Are you confident in your ability to read food labels?
Maybe you haven’t really taken the time to ever read a label properly before, or you are so overwhelmed by the information presented on the label that you just don’t bother.
It is time to get on the label reading train so you can be properly educated on what you are feeding your family and you can get in and out of the grocery store in half the time. No more staring at a label for 5 minutes trying to decipher if you should put it in your cart or not.
First off, it is critical to note that you won’t find a label on anything in the produce section of the grocery store – and this is where the majority of your food should be found!
The reason for that is that those foods haven’t been processed. The focus of your grocery shopping trip should be concentrated to the produce department, filling your cart full of wonderfully nutrient rich fruits and vegetables. It is important to be mindful on what produce should be purchased organically if funds and availability allow for it.
Leafy greens, strawberries, grapes, celery, and apples are some of the most highly sprayed crops and therefore should be purchased organically if possible.
As you move into the packaged food section of the grocery store, you will want to focus on the following tips to ensure you are reading labels properly.
1. Check the serving size first, and consider what a realistic serving size is for your family. In the case of most packaged products, the serving size is an unrealistic estimate of what a typical person would eat and therefore causes the caloric values, fat and sugar content to appear more acceptable.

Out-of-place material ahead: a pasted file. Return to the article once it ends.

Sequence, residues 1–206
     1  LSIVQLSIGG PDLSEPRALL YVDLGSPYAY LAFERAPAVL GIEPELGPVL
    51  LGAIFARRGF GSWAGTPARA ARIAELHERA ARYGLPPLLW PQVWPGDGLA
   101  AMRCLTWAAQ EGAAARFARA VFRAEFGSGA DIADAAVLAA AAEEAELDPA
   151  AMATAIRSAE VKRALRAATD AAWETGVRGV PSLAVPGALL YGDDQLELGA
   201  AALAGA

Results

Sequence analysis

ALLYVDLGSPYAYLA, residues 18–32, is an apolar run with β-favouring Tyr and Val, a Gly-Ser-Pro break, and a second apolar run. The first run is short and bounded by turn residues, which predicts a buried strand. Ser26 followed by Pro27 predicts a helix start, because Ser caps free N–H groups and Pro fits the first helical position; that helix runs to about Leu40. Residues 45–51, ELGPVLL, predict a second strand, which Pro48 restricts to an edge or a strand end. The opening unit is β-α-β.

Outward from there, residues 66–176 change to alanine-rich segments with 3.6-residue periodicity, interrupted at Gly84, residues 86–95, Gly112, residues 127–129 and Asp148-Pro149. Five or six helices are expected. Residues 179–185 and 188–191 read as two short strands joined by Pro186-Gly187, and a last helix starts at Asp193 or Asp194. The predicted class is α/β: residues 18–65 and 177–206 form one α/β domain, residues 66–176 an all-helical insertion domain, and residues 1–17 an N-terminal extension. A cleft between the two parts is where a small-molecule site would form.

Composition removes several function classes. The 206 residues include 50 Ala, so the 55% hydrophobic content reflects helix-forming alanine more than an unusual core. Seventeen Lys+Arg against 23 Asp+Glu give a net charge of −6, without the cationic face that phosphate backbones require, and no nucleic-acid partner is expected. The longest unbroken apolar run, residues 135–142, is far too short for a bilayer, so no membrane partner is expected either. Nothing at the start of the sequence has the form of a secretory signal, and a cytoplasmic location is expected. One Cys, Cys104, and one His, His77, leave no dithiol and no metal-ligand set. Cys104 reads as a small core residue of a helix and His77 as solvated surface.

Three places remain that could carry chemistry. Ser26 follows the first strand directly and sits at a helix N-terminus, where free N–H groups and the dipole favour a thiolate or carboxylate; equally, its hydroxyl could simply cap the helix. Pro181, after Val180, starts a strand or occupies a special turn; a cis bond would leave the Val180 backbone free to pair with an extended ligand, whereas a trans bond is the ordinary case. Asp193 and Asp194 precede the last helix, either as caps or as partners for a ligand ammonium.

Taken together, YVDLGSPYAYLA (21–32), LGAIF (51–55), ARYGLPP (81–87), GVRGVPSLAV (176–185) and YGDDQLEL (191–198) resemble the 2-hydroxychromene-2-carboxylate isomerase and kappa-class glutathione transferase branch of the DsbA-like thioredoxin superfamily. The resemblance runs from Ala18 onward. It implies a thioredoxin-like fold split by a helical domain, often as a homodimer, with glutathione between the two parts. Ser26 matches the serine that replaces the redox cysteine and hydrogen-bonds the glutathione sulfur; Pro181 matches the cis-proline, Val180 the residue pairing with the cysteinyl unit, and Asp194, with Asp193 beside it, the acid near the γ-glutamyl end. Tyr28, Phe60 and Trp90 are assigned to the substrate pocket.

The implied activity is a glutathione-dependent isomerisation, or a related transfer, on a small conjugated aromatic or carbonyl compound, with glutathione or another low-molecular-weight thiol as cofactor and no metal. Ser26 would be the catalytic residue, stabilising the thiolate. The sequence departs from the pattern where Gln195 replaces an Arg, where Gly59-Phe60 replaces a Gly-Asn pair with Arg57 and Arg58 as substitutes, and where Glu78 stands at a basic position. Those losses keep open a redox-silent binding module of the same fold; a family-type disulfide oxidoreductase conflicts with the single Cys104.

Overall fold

2. Most people only focus on the top half of the label where you will find the caloric content and nutritional breakdown. While this information is important to know, the list of ingredients will be more helpful in determining just what additives might be present. Remember that the ingredients are listed in descending order based on their volume, so if a harmful item is listed as one of the first five ingredients then you may want to reconsider what you are buying.
3. Choose products with the fewest number of ingredients. But, also make sure that you know and feel comfortable eating what all the ingredients are.
4. Purchase frozen vegetables and fruit instead of canned to eliminate exposure to preservatives that are used in the canning process.
5. Beware of endorsements on products and clever marketing campaigns that make any special product claims. Just because a label claims it is sugar-free, diet, all natural or trans fat free doesn’t mean that it is healthy.
6. Finally, avoid ingredients like monosodium glutamate (MSG), artificial sweeteners (Splenda or aspartame), sodium nitrate, food dyes, high-fructose corn syrup, trans fats, refined grains, and any other items on the label that are almost impossible to pronounce.
By following these tips, a trip to the grocery store should be a lot less confusing and time consuming. Remember that life isn’t perfect, and neither will your grocery shopping experience be.
Select products that are as close to natural as you can and always keep your eyes open for higher quality alternatives.